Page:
Protektor by Charles Platt
294 pages, Avon Books, New York. $5.99
Review score: *1/2 out of *****

I have enjoyed Charles Platt's articles in Wired magazine, so I had hopes that I would also enjoy his new book Protektor. Unfortunately, I was disappointed.

The future described in Protektor is one where people are biologically immortal. Interstellar travel is freely available, so there are limitless frontiers. Every person has a right to a basic allotment of resources, allowing them to live a life of luxury and pleasure. Government is no longer oppressive, since it is run by huge computer systems which are programmed to be benevolent. These semi-intelligent computer systems, in partnership with their human helpers, are referred to as the Protektorate. Dispite this eden of almost limitless resources, people are still unhappy. Some people resent the power of the Protektorate and the constant benevolent watchfulness that it exerts on their lives. One of these people introduces a computer virus that starts to destroy the operation of the computer systems on the pleasure planet Agorima. If these computer systems fail, all the infrastructure on the planet will fail with them and there will be millions of deaths. Tom McCray, a Protektor, is sent to Agorima to avert this disaster. Protektors are troubleshooters, sent out by the "OverMains", the huge computer systems that run the Protektorate.

Protektor is flawed on several levels. Tom McCray is a stock hero out of central casting. He does what is needed to get the job done, in an unemotional way. But deep down he is lonely, waiting for the right woman to come along and love him. Although Platt makes some attempt to explain McCray's motivations, we still never get much more than a two dimensional character.

Protektor also contains a great deal of technological speculation, which seems poorly thought out. For example, technological progress has been halted for hundreds of years. But with limitless frountiers, I find it difficult to believe that a group of wealthy people would not establish an outpost where they could persue scientific and technological development. Since the Protektorate is unable, by design, to apply coersive force, there would be nothing to stop such a group from amassing power through their technological advantage. This would eventually destroy the Protektorate.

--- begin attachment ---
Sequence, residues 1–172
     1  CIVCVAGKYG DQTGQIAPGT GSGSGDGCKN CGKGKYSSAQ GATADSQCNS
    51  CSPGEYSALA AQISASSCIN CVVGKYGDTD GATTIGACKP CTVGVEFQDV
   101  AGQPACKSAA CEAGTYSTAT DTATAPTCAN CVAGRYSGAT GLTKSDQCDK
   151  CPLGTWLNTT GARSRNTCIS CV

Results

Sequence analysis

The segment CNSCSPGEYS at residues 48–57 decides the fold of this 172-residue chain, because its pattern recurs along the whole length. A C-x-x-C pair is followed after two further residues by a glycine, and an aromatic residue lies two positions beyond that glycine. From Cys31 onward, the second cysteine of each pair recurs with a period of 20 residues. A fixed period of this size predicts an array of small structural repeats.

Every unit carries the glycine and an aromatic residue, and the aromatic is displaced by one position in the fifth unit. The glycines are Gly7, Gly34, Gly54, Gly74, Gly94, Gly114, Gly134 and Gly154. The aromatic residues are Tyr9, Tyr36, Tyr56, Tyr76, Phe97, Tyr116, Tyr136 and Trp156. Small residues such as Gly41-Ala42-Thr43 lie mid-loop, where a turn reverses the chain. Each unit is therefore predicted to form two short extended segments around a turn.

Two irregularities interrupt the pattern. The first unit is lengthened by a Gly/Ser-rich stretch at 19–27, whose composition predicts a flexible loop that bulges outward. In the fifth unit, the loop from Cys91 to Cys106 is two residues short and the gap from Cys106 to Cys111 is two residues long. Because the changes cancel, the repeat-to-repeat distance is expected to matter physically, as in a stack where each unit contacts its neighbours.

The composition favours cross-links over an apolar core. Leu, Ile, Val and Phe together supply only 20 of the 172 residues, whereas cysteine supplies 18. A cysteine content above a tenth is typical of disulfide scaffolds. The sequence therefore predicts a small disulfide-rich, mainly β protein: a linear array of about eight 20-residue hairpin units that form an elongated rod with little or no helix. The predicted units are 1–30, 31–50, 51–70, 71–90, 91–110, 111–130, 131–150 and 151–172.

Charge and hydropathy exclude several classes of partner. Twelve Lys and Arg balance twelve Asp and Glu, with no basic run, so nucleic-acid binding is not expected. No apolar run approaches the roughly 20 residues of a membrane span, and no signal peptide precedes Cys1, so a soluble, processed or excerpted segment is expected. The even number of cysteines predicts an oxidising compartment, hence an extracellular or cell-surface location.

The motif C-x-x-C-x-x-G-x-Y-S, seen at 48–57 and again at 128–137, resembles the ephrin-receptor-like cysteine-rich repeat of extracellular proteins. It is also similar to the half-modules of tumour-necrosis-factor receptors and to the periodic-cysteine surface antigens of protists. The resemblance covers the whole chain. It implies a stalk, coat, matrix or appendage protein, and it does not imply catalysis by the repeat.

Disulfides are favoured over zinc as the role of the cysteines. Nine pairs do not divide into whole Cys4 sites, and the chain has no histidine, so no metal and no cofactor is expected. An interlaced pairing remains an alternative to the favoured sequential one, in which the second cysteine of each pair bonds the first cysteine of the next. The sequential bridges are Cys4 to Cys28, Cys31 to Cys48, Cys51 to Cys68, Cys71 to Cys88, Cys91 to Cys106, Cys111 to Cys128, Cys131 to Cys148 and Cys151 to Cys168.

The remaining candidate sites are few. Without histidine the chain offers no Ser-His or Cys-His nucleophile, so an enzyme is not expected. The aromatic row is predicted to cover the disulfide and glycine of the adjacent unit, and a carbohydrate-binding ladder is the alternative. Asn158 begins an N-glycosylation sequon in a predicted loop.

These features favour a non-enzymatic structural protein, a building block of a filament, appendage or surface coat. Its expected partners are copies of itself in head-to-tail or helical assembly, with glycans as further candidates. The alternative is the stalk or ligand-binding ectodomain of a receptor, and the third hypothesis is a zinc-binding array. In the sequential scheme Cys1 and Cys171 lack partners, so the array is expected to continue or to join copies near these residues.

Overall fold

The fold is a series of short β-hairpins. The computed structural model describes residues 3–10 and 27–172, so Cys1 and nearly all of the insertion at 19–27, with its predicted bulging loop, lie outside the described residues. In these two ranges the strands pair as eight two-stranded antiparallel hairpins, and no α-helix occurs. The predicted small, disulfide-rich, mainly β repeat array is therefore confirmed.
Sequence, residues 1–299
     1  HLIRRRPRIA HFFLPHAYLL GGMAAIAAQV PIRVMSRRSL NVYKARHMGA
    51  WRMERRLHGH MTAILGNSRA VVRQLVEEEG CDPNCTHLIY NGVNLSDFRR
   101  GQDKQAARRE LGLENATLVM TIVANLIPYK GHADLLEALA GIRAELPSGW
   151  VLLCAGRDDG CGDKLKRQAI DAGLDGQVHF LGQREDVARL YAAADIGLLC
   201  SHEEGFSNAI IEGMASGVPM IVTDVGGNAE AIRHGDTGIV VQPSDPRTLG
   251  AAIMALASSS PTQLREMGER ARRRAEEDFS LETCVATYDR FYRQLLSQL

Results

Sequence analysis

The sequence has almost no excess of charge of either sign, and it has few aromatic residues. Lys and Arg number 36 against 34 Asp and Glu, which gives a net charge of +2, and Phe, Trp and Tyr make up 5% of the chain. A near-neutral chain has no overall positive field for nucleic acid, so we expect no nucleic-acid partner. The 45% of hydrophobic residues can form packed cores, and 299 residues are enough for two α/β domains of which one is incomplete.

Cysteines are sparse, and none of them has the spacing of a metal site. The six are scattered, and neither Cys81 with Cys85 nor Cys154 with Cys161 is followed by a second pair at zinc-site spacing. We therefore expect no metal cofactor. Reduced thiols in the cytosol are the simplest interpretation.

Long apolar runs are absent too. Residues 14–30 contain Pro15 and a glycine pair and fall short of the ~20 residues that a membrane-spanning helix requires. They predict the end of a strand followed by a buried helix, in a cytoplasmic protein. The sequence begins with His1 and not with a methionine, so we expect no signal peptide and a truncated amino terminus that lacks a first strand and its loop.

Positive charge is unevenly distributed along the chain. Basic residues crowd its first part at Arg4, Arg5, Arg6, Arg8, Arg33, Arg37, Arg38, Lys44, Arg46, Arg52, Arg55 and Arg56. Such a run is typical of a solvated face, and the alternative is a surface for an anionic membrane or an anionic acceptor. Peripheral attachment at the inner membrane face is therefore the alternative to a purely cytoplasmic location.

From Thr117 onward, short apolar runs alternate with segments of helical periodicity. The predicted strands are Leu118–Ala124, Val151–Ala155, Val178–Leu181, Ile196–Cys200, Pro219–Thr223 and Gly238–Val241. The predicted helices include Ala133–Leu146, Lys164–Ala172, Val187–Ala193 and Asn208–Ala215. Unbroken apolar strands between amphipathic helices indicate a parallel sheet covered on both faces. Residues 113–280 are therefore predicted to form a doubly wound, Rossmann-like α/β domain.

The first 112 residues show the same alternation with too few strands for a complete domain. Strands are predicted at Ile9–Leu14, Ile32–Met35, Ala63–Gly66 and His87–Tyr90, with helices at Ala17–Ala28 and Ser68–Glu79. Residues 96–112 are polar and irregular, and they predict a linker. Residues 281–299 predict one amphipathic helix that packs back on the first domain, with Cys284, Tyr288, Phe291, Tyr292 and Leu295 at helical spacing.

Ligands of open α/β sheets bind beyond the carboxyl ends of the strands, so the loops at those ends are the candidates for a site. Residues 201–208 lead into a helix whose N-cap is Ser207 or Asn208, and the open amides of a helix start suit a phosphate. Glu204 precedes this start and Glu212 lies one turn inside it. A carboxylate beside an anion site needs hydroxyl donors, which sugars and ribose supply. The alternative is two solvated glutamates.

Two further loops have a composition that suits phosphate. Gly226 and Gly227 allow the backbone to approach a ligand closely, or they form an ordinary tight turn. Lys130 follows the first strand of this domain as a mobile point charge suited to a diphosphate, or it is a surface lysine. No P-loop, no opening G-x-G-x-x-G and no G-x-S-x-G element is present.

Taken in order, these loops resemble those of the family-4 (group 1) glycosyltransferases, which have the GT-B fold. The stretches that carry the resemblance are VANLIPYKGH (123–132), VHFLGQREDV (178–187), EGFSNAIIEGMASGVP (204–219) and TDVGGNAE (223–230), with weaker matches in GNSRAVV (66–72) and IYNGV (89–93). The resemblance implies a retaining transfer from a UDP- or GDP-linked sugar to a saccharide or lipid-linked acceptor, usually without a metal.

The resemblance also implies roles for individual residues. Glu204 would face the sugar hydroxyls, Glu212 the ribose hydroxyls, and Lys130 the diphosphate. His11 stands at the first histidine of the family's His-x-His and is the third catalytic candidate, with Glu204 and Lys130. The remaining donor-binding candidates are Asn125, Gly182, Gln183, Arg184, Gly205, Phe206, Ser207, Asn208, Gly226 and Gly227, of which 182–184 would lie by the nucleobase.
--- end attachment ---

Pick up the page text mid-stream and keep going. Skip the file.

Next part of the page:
The "OverMains" themselves are also poorly conceived. They are huge massively parallel computer systems, which are only semi-intelligent. They are not true artifical intelligences, which can modify their own programming and create new, more powerful, versions of themselves. By doing this Platt keeps the OverMains benign. Perhaps Platt views the OverMains as some kind of extremely sophisticated expert system. But such systems would be incapable of adapting to new situations and would be far too inflexible to run a vast human society. Nor does it seem likely that the human race would be willingly ruled by machines, no matter how benign.

Platt does have a couple of interesting ideas. Even though humans live in paradise, they still manage to screw it up. And the way the "bad guys" are punished at the end of the book is elegant. But most of Platt's ideas are unoriginal. His writing is workman like and his characters are shallow. I always have a large stack of books that I want to read and not enough time to read them. In retrospect, Protektor was a waste of time.

Ian Kaplan - 3/96

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